As far as many patients are concerned, the doctor's negative attitude, blunt language, coupled with "hidden rules" (潜规则) – such as the doctor's expectation of receiving a "red envelope" for their services and pushing expensive drugs on patients– have all caused patients to have an inherent distrust of doctors and medical treatments. In addition, some healthcare services are indeed flawed, the proficiency for some medical treatments are quite low and some operations are not standardised, which also often lead to severe consequences. Finally, there are also problems with doctor-patient communications, as well as doctors who don't respect the patient's right to know the facts of their case or their right to choose, all of which are important causes for these increasingly common doctor-patient conflicts.
There are other institutional factors in play as well. In China, doctors commonly work long hours for relatively low pay– supplemented by "red envelopes"– and their salaries are cut when they don't meet the quota of selling profitable prescriptions to patients. Moreover, due to the overloaded nature of the Chinese medical system– which must deal with the world's largest aging population –an average doctor will see more than 100 patients during a single five hour shift, which no doubt influences their perceivably "unfriendly" attitude and the long wait times endured by suffering patients. In addition, although medical treatments are quite inexpensive compared to other countries, they are still exceedingly expensive for much of China's population, and often times a large portion of a patient's charges are not covered by the national healthcare system.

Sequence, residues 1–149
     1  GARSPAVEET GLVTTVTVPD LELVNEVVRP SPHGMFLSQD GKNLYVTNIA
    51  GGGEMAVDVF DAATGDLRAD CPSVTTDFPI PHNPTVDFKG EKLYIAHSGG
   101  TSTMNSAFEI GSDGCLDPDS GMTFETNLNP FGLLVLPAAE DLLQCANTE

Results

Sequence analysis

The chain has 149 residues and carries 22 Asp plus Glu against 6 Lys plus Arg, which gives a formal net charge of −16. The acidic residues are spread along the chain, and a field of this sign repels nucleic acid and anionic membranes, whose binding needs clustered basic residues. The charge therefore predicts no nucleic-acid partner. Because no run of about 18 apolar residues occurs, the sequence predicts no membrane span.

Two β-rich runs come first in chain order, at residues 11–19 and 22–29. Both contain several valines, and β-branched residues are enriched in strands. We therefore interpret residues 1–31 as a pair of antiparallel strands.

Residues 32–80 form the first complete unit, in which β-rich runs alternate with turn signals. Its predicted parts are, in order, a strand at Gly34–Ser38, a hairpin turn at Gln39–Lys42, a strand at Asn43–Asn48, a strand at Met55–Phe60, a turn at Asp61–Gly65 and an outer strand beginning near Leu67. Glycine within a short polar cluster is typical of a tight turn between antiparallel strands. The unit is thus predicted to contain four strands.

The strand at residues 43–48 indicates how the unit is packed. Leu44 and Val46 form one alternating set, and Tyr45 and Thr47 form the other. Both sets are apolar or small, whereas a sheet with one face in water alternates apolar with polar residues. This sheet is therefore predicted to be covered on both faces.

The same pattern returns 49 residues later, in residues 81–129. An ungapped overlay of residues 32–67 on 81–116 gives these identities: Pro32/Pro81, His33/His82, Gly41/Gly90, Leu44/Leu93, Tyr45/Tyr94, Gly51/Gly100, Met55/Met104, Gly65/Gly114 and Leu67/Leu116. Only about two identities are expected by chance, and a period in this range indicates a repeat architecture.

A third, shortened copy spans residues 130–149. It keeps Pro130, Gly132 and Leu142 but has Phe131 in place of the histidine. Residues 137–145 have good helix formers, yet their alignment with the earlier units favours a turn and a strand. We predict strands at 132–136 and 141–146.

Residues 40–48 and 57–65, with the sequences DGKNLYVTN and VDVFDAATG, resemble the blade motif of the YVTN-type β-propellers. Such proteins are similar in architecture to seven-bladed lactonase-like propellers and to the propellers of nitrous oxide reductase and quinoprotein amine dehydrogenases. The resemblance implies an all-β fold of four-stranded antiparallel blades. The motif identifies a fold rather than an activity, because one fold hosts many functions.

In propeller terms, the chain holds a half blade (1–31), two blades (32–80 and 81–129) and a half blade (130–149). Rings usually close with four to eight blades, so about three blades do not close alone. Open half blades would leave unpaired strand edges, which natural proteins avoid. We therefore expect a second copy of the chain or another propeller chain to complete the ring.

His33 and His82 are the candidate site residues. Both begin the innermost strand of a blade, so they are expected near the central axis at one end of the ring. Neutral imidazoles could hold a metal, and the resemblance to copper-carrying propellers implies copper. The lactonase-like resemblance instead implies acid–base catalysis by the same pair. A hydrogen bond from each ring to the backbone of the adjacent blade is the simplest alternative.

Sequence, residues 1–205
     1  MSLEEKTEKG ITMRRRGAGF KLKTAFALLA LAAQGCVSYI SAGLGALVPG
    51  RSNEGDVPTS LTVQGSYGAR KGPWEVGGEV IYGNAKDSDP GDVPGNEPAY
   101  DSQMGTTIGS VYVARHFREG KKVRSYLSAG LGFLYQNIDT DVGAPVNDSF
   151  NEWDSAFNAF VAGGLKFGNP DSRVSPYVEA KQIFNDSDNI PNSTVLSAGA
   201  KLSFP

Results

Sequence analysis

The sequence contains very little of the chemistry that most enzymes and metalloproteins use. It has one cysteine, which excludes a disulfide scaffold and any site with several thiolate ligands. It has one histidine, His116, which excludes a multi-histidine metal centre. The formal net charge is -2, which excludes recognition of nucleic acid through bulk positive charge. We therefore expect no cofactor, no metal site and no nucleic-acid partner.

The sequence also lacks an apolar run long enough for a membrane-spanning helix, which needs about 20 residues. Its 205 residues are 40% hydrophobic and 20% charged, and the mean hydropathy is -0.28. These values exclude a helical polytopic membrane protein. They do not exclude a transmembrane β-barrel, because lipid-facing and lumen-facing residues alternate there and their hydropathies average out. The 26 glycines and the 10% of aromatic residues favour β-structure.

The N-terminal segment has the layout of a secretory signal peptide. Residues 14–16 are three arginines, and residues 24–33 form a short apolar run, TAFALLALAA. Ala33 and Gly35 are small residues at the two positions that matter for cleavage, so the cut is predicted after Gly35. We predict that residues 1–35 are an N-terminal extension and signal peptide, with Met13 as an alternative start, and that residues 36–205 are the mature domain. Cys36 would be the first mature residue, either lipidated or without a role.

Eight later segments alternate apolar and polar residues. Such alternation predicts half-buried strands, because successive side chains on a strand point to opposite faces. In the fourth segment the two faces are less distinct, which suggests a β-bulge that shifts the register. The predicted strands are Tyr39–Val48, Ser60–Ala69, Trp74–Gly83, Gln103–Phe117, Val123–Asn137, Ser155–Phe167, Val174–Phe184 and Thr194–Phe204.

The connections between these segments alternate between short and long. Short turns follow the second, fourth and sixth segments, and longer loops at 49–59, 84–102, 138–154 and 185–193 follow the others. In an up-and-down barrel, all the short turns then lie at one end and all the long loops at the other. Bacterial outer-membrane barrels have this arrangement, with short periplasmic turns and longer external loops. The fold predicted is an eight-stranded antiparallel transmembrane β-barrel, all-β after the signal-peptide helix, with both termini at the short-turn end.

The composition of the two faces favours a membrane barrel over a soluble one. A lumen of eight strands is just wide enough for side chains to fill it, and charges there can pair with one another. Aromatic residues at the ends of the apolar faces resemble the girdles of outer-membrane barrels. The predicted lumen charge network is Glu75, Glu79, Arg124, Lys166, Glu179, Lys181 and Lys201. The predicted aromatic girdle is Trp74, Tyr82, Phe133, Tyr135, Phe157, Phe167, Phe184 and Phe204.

Resolving the flaws of the healthcare system
This most recent tragedy at the First Affiliated Hospital of Harbin Medical University can only reaffirm that China's healthcare system is in dire need of reform. According to media reports last month, the State Council recently issued a new document on healthcare reform detailing a clear-cut roadmap for the remainder of the 12th Five-Year Plan (2011-2015). The document, which mandates that the government will help pay for hospital equipment and medical research expenses, is a strong first step toward relieving some of the financial burden placed on hospitals to handle their own financial expenses. Assuming that the government financial support is used as intended, it will allow hospitals to stop viewing their patients merely as customers and start refocusing on patient welfare and the quality of service. Once that happens, expect the number of violent doctor-patient disputes to decrease.